Gender Selection and Infertility
Some patients undergoing infertility treatment consider family balancing because they’re already undergoing IVF and want to take advantage of the option of choosing gender via PGD. According to Phyllis Martin, a licensed counselor based in Fairfax, Virginia, “Either the clock has run out or they have secondary infertility. They’re in their forties. They’re probably only going to have two children. And … they think, ‘We’d like to have one of each.’” Martin, also a board member of RESOLVE, a nonprofit patient advocacy group for infertility patients, says that many of the people she counsels about sex selection are infertility patients. They know the technology is available and they want to have that choice. They have a vision of their ideal family and they want to bring it to reality.
“Infertility robs you of so much control—and this helps give them some control,” Martin says. After going through so much, these patients want some choice in what happens in their reproductive lives. “The people I see are educated people, they are mentally healthy; they are not discriminatory. Oftentimes, they favor one sex or another because they haven’t experienced [raising] that sex.” Many older parents, and patients coping with infertility feel they have something to give to children in a different way. She says that for many family-balancing candidates, “It’s something they think about in the dark of the night.” But, she points out, it’s “not a narcissistic fantasy.” Their choices are well considered, their goals are in many ways selfless.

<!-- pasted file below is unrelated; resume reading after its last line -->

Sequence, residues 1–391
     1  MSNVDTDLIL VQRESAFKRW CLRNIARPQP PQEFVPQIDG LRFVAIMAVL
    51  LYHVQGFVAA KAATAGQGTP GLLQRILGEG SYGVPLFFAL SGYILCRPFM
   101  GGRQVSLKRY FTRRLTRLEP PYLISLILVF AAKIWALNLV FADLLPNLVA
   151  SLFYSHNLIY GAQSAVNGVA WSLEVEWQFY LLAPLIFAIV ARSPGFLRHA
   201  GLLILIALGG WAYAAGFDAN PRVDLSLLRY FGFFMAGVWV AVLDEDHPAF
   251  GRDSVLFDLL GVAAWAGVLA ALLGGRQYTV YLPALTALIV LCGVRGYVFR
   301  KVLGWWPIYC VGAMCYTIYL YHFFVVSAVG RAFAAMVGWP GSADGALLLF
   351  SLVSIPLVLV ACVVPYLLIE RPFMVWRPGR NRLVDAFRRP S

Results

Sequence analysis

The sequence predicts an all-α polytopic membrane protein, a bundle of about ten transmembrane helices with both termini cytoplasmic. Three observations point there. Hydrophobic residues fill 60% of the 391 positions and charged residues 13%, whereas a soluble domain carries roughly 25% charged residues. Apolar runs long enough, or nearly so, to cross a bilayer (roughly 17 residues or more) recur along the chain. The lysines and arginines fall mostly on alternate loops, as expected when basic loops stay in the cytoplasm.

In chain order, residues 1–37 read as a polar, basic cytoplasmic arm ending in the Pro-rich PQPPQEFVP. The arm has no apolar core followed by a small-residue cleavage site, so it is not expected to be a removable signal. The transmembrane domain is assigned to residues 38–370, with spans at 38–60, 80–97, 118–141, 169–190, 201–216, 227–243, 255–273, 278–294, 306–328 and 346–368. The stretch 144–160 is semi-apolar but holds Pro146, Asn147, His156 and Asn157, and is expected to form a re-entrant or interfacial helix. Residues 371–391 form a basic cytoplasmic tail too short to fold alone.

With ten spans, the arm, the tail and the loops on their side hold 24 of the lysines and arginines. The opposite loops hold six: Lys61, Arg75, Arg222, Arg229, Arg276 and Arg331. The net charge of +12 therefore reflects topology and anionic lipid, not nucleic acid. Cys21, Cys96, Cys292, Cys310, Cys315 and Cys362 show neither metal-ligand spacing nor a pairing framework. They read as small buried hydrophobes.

Going through fertility treatments for gender selection can be a tough road. Couples need to be strong, committed and supportive to get through the process. Communication is also key; expressing thoughts and feelings with each other, or with a counselor, can help couples walk through the process. Those who have taken the journey will tell you it’s worth it in the end.